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Technical Glossary, Reference

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There are currently 23 names in this directory beginning with the letter P.
Parked Domain
A second domain that points to a primary domain. When users attempt to access the parked domain, they will see the main website. For example, both and go to the same place, as is a parked domain for Parked domains must be registered with a domain registrar and configured to point to our servers to properly function.

A code used to gain access to a locked system. Effective passwords should contain both letters and non-letters and not be common or easily guessed words (such as address, DOB or pets' names).

PASV (Passive Mode)
A mode for FTP connections that will initiate connections from the client side. Using this mode may be helpful if a user is having problems connecting to an FTP server through a firewall.

PEAR (PHP Extension and Application Repository)
A repository of PHP code. You can use the "PHP Extension Manager" feature in cPanel to search for and install PEAR packages consisting of PHP programs which can perform useful functions for your website.

Known for its ability to process text, Perl is a useful language for web applications. Perl applications are commonly found as .pl, .pm, and .cgi files and may require Perl modules. More information about Perl can be found here.

Perl Module
A piece of software written in the Perl language. Modules are common pieces of software that are reused often. For example, rather than writing a set of functions to display calendars, a user can simply use a calendar module.

A computer scripting language in which many web-based applications are written. PHP applications are commonly found with the filename extension .php. Some PHP applications require PEAR packages, which can be installed through the "PHP Extension Manager" feature in cPanel. More information about PHP can be found here.

PHP Package
A piece of software written in the PHP language.

A graphical application that allows website administrators to manipulate and manage MySQL databases over the Internet. Full documentation for phpMyAdmin can be found here.

PID (Process ID)
A unique number that your server assigns to each process that runs.

A program for determining if another computer is presently connected to the Internet.

Shorthand for "picture element", a pixel is the smallest unit of resolution on a monitor. It is commonly used as a unit of measurement.

A small piece of software that adds features to a larger software application. Common plug-ins are those for web browsers or graphic programs.

POP (Point Of Presence/Post Office Protocol)
A Point of Presence usually refers to a city or location where a network can be connected to. For example, if an Internet company says they have a POP in Vancouver, this means they have a local telephone number in Vancouver and/or a place where leased lines can connect to their network. A second definition, Post Office Protocol, refers to the way email software (such as Eudora) retrieves mail from a mail server. Almost all SLIP, PPP or shell accounts come with a POP account as well.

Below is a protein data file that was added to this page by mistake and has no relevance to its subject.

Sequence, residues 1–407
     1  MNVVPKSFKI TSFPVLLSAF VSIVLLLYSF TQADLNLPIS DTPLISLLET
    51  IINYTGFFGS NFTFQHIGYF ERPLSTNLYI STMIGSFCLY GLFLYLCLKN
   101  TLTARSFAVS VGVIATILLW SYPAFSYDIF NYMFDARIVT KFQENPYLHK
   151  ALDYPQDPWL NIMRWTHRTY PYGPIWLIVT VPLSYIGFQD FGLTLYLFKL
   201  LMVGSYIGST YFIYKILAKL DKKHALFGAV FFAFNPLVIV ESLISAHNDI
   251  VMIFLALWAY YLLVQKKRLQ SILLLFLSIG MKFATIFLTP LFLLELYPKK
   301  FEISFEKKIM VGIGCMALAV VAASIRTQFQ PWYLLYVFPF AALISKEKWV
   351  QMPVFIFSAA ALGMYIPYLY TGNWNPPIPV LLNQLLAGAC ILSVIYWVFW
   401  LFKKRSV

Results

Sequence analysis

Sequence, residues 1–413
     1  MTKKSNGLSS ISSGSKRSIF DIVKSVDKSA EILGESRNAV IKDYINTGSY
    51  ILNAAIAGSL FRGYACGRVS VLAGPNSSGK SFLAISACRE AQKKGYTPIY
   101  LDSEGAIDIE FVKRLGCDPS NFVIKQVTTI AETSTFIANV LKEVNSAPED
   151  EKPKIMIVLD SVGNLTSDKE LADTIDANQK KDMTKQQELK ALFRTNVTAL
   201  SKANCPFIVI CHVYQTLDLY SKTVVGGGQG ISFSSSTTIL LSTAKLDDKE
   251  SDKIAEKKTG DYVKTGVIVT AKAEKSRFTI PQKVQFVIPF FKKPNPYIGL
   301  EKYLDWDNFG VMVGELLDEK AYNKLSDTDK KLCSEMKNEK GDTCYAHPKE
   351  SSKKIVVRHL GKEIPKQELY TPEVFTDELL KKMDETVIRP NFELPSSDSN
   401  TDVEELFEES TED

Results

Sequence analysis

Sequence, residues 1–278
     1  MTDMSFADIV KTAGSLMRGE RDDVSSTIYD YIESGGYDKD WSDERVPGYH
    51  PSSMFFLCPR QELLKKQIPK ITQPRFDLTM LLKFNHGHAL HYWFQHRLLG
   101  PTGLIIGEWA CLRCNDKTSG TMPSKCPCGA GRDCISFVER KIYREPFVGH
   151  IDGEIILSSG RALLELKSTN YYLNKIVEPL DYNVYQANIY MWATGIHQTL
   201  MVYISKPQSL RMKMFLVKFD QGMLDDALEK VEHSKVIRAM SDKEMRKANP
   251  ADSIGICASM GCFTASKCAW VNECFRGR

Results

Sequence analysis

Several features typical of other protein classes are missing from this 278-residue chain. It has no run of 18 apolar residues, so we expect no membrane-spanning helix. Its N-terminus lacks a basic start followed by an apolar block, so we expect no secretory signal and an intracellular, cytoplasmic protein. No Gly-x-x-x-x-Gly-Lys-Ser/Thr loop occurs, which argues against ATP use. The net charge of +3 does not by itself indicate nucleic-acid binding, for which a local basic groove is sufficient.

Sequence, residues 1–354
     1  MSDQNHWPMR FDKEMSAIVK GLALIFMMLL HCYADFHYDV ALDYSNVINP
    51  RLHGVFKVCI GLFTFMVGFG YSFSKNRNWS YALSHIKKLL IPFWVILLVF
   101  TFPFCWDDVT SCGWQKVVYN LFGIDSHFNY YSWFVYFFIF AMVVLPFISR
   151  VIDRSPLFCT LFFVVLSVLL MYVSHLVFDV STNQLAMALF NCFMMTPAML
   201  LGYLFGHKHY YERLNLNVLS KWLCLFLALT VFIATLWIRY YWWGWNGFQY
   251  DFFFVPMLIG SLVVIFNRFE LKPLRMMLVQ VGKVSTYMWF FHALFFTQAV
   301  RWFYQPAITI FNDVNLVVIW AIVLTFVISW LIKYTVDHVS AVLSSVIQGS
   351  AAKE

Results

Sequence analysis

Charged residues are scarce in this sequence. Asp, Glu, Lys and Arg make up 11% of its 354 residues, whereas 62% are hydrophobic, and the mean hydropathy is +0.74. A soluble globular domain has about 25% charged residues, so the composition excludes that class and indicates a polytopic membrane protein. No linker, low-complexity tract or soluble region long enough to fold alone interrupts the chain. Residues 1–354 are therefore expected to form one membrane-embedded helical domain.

POP3 (Post Office Protocol Version 3)
Along with IMAP, one of the two most widely used email transfer methods. POP3 simply copies every message in an email account to a local computer, removing it from the mail server. No information is sent back to the email account about message replies, forwarding, etc. If an account owner uses multiple computers to check email, it is advisable to use IMAP instead of POP3.

First and most frequently, a port is where information goes into and/or out of a computer, such as the serial port on a PC. Secondly, a "port" often refers to the number appearing after the colon (:) in a domain name, such as Thirdly, to "port" something refers to translating a piece of software from one computer platform to another (for example, from Windows to Macintosh).

POSIX (Portable Operating System Interface)
A standardized collection of commands for the Linux operating system.

A single message entered into a blog, newsgroup, mailing list, or other communications system.

An instance of a program running on the server.

The time during which your DNS Zone information spreads across the internet to servers that didn't know about it before. Propagation takes two forms, changes to your DNS Zone and changes to your WHOIS information. The WHOIS is the master record that tells every DNS Server in the world which is the authoritative server for your domain. A change to your WHOIS information (done at our/your domain registrar) can take up to 72 hours to propagate fully. A change to your DNS Zone information typically affects only a handful of servers, and so is done much more quickly.

Short for a proxy server. This server receives requests from users and forwards those requests to other servers.

A subdirectory, located inside the Home Directory, that contains files that are publicly accessible via HTTP. The www directory is a symbolic link (or shortcut) to public_html. Any files and folders inside of public_html are visible over the Internet, unless the website owner specifically protects them with password protection or using the .htaccess file or "Password Protection" feature in cPanel.

A programming language which is used for many applications. More information about Python can be found here.
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